Determination of a Dedicated Concrete Pavement Network Using Probabilistic Life-Cycle Cost Analysis

Paper by CORMIER THÉBEAU from ISCR 9th 2004 Instanbul Turkey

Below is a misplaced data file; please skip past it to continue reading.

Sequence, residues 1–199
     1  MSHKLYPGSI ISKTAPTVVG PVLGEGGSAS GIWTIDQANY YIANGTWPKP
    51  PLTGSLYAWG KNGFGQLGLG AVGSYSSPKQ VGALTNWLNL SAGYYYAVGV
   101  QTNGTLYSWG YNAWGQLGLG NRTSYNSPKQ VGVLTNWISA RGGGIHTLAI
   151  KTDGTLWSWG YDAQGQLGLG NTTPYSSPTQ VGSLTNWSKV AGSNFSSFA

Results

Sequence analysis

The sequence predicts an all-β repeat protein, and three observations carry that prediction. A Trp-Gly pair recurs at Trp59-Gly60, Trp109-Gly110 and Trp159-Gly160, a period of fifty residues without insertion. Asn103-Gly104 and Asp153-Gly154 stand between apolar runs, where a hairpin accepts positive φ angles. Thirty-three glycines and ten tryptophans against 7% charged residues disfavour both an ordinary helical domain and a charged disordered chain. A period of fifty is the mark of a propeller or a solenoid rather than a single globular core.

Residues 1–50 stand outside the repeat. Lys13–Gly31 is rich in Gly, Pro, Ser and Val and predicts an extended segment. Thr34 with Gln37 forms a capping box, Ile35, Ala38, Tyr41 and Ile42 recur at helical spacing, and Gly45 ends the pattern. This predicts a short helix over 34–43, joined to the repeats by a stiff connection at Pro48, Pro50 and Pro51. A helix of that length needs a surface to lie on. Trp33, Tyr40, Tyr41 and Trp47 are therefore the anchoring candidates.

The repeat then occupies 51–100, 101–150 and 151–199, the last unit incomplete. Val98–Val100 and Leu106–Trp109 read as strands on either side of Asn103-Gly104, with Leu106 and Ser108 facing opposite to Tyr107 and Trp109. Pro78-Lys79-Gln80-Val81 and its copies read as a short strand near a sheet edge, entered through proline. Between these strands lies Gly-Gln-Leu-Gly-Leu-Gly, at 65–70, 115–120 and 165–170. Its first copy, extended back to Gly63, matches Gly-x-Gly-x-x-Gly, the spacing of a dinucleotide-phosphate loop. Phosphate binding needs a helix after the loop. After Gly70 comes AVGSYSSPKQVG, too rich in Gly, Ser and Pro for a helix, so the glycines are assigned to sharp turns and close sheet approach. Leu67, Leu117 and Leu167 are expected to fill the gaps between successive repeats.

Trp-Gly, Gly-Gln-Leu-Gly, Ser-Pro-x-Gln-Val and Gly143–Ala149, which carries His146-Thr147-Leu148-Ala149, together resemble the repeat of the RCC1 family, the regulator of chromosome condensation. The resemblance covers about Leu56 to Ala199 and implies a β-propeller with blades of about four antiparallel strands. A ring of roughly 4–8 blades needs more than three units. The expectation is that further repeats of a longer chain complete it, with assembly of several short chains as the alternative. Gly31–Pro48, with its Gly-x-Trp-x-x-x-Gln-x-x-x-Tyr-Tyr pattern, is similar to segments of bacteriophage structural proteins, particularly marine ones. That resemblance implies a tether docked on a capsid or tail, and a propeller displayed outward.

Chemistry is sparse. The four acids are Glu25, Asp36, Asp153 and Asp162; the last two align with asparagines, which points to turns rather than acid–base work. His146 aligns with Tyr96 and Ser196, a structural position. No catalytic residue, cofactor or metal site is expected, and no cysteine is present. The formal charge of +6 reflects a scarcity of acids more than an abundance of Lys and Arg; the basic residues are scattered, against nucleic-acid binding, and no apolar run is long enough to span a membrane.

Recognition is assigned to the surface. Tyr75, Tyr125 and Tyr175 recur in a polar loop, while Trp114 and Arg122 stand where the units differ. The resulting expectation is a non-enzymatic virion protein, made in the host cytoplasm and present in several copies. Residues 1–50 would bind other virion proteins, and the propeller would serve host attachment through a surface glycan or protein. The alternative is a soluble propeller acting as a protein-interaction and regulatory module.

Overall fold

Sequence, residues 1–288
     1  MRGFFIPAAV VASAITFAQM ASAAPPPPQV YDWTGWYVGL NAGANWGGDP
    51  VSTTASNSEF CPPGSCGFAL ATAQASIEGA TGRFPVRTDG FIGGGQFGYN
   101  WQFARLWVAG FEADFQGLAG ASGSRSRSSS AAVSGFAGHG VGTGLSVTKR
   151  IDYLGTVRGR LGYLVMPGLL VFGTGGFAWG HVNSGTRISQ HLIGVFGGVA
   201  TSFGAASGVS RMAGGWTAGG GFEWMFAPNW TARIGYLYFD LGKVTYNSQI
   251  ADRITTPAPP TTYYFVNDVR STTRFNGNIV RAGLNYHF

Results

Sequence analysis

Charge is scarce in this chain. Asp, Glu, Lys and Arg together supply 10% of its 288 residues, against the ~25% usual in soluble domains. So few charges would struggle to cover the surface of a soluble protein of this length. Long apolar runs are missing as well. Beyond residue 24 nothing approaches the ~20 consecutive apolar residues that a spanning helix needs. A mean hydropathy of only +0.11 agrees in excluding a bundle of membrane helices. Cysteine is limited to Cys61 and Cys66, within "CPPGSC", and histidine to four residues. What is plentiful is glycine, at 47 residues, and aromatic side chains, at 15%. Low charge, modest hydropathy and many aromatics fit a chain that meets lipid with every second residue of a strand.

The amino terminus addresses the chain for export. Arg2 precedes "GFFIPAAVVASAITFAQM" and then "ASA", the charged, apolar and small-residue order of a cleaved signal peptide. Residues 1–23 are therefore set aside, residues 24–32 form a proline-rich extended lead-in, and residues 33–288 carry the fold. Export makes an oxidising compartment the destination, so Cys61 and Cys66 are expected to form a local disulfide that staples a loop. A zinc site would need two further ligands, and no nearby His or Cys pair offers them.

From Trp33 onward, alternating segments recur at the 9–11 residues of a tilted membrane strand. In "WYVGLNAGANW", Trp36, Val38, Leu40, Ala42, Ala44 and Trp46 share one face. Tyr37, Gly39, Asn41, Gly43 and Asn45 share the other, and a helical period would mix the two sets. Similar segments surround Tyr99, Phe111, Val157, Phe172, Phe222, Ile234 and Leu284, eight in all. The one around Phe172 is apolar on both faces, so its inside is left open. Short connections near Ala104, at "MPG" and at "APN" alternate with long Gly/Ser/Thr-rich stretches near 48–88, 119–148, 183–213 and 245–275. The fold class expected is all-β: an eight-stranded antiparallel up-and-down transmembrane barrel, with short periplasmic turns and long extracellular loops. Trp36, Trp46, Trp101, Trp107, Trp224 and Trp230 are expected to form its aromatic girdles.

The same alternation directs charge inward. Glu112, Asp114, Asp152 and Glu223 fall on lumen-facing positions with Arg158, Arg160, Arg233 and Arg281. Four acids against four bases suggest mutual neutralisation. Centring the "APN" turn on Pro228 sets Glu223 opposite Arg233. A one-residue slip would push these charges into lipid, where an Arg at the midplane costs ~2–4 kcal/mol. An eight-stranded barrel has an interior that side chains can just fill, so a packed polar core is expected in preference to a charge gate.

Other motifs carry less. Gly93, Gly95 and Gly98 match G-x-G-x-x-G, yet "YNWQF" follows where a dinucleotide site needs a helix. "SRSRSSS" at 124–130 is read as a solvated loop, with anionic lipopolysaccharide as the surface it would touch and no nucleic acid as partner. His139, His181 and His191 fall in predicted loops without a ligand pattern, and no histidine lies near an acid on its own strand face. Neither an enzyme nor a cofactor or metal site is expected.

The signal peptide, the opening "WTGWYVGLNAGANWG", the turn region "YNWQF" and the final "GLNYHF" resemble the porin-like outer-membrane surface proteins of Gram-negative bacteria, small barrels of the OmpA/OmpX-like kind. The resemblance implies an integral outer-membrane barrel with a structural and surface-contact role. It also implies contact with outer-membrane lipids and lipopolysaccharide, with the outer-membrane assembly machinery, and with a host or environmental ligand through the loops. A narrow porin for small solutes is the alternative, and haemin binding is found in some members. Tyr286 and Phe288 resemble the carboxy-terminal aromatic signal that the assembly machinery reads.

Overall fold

In 2001, the Québec Ministry of Transportation (MTQ), in Canada, adopted a policy subdividing the existing pavement network into dedicated concrete and asphalt networks. This paper presents the methodology used for determining these respective dedicated networks using probabilistic Life Cycle Cost Analysis (LCCA). Sixteen (16) different combinations of Average Annual Daily Traffic (AADT), number of lanes, truck percentage, and truck factor yielded 32 pavement designs in asphalt and concrete that were compared in pairs over an analysis period of 50 years using a probabilistic LCCA software. LCCA results from these standard cases were then analyzed to find regression equations correlating the Net Present Value (NPV) of each alternative (average and standard deviation) to the most significant parameters. The network allocation criteria were determined by applying dominance tests to these probabilistic results; in the areas without clear dominance further analyses would be necessary using project-specific data. Work zone user costs were first computed but they were not taken into account because of their “softer” nature and their larger inherent uncertainty compared to construction and rehabilitation costs, but mostly because it was found that the lack of a remaining serviceable life value for these costs caused problems that cast doubt on the results. The final selection criteria were applied to the Province’s pavement network and the result was mapped. After minor adjustments to ensure continuity as much as possible, the respective networks (“white” for concrete, “black” for asphalt and “gray” for further analysis) were established officially. The policy making this network allocation official is scheduled for review every 5 years.

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